Newspaper series included in Tribune Publishing, The News Tribune, The Daily News and The Baltimore Sun said on Monday that it had started a serious discussion about selling a pair of the company that came up with an offer nearly two months later. The Tribune agreed to sell itself to Alden Global Capital, a New York hedge fund.
The new bid, which exceeds the amount given by Alden, was received by Stewart W. on Thursday. Bannam Jr., a Maryland hotel magnate and Hansjorg vais, A Swiss billionaire who made his fortune as a manufacturer of medical devices.
The two are joined together in a company called Newslight. Tribune Publishing announced on Monday that it would “join the discussion and talks” with Mr. Bannum and Mr. Wiss. The company said that for now, it “will not terminate the Alden merger agreement or enter into any merger agreement with Newslight, Mr. Bannum or Mr. Wise.”
Until recently, it seemed that Alden Global Capital would almost certainly become the Tribune’s next owner. At the end of last month, Mr. Wyss emerged as A surprise new player, Telling The New York Times that he would work closely with Mr. Bannum in bidding for the chain. On Thursday, Mr. Wise and Mr. Bannum submitted his bid, with the Tribune priced at $ 18.50 a share, which overturned Alden’s offer of $ 17.25.
Mr. Wise and Mr. Banham’s bid raised the company’s value to approximately $ 680 million; Alden’s bid valued the Tribune at about $ 630 million. Offer was news Previously reported By The Wall Street Journal.
Tribune Publishing said on Monday that its special committee had determined that a competitive bid from Mr Wyss and Mr Bannum would be reasonably expected to lead a “better offer” than the Alden bid.
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The Tribune advised shareholders to be cautious, stating, “There can be no assurance that discussions with Newslight and its principals will result in a binding proposal.”
About two months ago, Mr. Bynum reached a non-profit agreement to establish a non-profit agreement that, after obtaining share approval after the Alden-Tribune deal, from Alden to The Sun and two other tribunes Will buy newspapers owned by This agreement soon went into difficulty, however. Last month, Mr. Bynum, Chairman of Choice Hotels InternationalOne of the world’s largest hotel chains, the Tribune bid for all, offered $ 18.50 per share.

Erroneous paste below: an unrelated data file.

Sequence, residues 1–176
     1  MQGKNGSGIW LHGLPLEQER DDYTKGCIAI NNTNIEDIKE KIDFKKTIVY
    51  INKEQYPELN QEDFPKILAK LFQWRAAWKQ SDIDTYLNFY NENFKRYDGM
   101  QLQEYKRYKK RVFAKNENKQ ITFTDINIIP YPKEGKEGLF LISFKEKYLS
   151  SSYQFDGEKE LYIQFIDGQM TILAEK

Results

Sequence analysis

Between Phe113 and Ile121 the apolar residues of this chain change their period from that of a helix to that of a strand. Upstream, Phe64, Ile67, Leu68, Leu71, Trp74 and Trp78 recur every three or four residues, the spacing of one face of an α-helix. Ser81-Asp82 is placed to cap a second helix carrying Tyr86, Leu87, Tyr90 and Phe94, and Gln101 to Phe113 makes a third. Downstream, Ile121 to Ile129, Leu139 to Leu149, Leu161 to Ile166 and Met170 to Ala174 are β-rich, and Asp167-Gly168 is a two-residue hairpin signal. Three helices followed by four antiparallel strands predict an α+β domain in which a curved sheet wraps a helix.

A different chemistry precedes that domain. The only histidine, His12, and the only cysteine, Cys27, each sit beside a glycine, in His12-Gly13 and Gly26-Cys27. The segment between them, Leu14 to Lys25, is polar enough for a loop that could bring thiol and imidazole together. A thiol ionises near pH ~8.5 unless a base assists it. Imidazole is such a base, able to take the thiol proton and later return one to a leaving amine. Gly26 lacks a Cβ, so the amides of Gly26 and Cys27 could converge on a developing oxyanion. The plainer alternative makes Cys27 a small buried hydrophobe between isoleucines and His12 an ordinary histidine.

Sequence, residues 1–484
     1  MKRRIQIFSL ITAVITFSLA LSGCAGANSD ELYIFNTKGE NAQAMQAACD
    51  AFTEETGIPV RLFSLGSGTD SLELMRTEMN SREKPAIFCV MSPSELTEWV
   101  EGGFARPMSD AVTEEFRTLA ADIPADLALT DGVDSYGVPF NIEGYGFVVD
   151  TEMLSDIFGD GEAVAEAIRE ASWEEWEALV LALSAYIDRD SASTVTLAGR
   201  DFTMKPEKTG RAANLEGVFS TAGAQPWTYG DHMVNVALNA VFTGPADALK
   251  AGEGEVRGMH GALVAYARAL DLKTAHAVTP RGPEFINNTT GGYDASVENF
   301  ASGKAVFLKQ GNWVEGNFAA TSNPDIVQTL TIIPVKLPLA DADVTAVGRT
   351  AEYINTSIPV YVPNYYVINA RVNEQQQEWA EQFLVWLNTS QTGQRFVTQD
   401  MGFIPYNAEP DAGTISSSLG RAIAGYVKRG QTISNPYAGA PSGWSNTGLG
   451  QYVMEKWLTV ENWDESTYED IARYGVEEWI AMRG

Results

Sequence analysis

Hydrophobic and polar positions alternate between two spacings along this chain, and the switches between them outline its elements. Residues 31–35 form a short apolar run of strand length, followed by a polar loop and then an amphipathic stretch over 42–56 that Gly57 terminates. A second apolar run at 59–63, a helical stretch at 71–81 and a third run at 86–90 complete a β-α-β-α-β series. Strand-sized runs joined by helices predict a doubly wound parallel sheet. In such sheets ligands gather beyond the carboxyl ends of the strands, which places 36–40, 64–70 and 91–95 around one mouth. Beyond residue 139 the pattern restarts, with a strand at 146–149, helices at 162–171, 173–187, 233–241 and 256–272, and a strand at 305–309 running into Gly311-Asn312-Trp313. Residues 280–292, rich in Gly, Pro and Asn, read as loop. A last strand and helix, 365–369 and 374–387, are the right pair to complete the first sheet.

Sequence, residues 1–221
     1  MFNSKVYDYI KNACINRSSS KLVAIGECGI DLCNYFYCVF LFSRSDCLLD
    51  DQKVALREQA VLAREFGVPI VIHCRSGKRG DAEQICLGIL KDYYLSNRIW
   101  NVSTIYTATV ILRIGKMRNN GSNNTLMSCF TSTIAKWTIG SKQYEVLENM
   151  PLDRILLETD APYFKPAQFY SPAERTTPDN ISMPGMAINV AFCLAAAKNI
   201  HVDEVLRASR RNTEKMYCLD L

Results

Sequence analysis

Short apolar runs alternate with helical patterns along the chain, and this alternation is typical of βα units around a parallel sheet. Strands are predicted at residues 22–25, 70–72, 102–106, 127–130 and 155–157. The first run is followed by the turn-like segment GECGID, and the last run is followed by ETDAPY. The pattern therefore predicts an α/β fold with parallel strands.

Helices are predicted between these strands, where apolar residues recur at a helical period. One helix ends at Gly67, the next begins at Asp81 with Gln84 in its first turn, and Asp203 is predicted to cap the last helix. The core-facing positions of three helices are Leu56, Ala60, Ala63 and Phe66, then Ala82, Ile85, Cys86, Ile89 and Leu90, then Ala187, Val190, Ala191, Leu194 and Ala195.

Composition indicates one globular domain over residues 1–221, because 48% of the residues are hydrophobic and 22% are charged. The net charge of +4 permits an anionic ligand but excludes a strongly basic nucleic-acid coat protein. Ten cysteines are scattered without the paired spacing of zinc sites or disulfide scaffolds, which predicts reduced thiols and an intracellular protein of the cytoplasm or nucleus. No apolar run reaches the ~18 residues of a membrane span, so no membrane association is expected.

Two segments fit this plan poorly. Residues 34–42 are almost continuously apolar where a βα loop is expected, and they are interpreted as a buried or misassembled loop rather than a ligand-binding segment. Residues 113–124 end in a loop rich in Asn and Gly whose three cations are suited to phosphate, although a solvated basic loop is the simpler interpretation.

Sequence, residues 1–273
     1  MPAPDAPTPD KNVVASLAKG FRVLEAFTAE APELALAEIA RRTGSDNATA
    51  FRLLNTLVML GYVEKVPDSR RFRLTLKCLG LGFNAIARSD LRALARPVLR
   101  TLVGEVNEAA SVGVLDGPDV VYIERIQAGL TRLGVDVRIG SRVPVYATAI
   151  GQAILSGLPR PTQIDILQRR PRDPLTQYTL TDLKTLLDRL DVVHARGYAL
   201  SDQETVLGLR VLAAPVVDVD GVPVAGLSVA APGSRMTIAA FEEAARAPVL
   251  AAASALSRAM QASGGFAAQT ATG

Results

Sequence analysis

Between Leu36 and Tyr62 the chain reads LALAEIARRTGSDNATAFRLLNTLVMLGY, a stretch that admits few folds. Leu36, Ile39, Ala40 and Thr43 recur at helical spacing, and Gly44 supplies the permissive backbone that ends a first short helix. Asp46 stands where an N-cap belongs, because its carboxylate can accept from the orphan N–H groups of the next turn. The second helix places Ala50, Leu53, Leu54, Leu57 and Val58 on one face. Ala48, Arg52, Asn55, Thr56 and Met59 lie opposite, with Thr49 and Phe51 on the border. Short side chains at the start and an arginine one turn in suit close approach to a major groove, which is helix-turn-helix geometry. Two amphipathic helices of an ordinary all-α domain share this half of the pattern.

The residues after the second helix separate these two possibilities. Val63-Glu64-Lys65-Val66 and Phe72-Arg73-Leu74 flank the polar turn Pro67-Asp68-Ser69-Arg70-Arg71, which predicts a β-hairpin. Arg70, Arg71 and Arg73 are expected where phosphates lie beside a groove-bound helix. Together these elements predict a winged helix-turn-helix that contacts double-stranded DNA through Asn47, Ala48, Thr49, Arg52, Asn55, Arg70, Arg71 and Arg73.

The Tribune said that last month, Mr. Even after considering Bannum’s bid, he favored an agreement with Alden, which had solid financing. At the same time, the board informed Mr. Bannum that he was free to find backers to make his offering more attractive. He did the same with Mr. Wise.
Alden has been sharply criticized by reporters in the Tribune News Room, which already owns about 32 percent of the company as a potential owner. Alden, owner of some 60 dailies across the country through the MediaNews Group, is known for making deep cuts on publications that often shut down significant numbers of newsroom employees as it profits from a struggling business Tries to earn. Alden says its strategy prevents newspapers from going out of business.
In an interview last week, 85-year-old Mr Wiss said he was partially inspired by a Times to join Mr Bannum Essay In which two former Chicago Tribune reporters, David Jackson and Gary Marks, warned that Alden would create “a ghost version of the Chicago Tribune.” Other Tribune journalists have campaigned, from California to Maryland, to persuade local beneficiaries to purchase the Tribune publication or at least one of its papers.
Mr. Wise, who lives in Wyoming, said he joined the Tribune in an attempt to buy him because his faith was in a strong press. He said in an interview last month, “I don’t want to see another newspaper giving the American people a chance to increase the amount of truth going down the drain.”